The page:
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On the fourth floor of the Peter Munk Cardiac Centre, Gail Power takes great pleasure in watching the smile return to Robert's face, her husband of 44 years. It was only a few short months ago his chances at survival looked bleak.
"Life was not worth living," says Robert, recalling the daily struggles he coped with as his heart function deteriorated. "I had no energy at all. It was an effort to move, I had no appetite, and all I did was sleep."
Robert's heart condition prevented him from spending time with the people he loved. On a recent camping trip, when friends and family were enjoying each other's company, Robert slept the better part of the day.
"I could not play with my grandkids or help out friends with household projects. My heart condition deteriorated to a point where I simply had difficulty dressing and taking care of myself. Everyone would comment on how bad I looked and how much I slept. It was no way to keep on living."
An abnormal heart rhythm
In 2006, to help control his arrhythmia, a common condition whereby the heart can beat too fast, too slow, or with an irregular rhythm, doctors treated Robert with a device called an implantable cardioverter defibrillator (ICD). Similar to a pacemaker, ICD's are used to control abnormal heart rhythms, but also have the additional advantage of issuing high-energy electrical pulses to treat certain dangerous arrhythmias. When an ICD senses an abnormal heart rhythm, it administers a brief, intense electrical shock to the heart, correcting the abnormal rhythm.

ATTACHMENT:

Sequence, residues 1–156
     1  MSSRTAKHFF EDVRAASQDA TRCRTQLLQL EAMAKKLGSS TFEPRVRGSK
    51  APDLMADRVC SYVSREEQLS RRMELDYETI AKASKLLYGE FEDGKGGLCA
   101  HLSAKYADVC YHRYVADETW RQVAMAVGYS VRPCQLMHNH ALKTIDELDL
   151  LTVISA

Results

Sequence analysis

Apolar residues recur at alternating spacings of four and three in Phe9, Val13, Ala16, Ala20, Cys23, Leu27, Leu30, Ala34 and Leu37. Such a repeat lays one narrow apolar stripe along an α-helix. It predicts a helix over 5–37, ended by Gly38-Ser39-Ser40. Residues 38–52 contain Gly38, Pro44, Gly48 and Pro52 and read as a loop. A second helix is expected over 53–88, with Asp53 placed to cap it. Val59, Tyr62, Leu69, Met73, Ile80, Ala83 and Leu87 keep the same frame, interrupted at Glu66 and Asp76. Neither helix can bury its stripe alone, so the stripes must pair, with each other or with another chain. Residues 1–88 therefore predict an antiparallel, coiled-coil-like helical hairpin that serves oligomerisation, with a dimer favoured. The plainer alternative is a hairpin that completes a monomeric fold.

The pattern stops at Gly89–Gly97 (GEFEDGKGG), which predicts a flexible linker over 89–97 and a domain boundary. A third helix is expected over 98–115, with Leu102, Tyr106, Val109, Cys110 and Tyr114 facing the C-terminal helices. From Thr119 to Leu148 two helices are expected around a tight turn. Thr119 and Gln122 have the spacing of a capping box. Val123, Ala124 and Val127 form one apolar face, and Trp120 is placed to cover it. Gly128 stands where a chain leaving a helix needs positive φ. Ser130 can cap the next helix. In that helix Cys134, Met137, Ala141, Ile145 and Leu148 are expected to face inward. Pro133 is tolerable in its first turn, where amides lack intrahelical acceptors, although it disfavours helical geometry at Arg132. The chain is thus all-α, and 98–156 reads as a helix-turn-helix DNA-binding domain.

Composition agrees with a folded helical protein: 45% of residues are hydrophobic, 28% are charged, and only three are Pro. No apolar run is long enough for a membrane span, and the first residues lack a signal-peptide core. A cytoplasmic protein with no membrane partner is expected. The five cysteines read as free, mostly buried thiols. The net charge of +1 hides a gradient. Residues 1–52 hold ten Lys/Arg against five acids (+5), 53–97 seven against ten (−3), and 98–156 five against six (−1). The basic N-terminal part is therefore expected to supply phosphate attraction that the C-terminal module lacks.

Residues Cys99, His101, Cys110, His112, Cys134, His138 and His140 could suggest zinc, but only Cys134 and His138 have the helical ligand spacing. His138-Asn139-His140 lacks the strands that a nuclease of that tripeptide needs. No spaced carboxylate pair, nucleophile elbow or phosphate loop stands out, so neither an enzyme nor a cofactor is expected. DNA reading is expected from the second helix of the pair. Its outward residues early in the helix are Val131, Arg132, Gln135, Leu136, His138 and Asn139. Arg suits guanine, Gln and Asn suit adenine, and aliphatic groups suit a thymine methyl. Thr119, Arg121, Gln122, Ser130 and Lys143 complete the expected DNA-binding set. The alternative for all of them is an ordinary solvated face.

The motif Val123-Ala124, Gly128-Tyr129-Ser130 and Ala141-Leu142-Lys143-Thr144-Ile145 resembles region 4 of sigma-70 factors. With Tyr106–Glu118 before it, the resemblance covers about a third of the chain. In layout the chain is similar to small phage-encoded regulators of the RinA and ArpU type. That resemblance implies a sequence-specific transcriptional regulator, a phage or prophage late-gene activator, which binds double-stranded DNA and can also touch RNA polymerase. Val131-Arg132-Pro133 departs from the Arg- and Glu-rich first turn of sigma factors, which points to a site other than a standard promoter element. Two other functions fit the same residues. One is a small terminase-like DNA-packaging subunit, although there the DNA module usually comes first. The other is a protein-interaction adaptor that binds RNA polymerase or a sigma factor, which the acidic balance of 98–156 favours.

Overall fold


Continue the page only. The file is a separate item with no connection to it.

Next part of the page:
"The ICD worked for a long time," says Robert, a native of Halifax, Nova Scotia, who has lived with his family in Haliburton, ON for almost 20 years. "But as my heart condition worsened, the ICD began to fail. Doctors thought it may have been a complication having to do with kidney or lung infection and medicated me for it."
In the fall of 2014, Robert's heart function had regressed to what is termed as Advanced, or Stage D Heart Failure, whereby conventional heart therapies and symptom management strategies that he had undergone no longer worked. Robert's failing heart could no longer meet the needs of his body.
Heart failure – a growing concern in Canada
Sadly, Robert's case is not an isolated incident. The impact of heart failure on the Canadian health care system is tremendous. Rapidly rising in prevalence, heart failure is the most common reason for hospital admission.
As Robert's condition worsened, he was eventually referred to The Ted Rogers Centre of Excellence in Heart Function at the Peter Munk Cardiac Centre. The largest program of its kind in Canada, it specializes in replacement strategies for Advanced Heart Failure, including mechanical circulatory support and heart transplantation. Because of the exceptional talent and the emergence of extraordinary medical discoveries and the development of new and innovative treatments for heart diseases and disorders made at the Peter Munk Cardiac Centre, patients like Robert are afforded a second chance at life.
On Oct. 31, 2014, a surgical team led by Dr. Vivek Rao, Chief of Cardiovascular Surgery at the Peter Munk Cardiac Centre,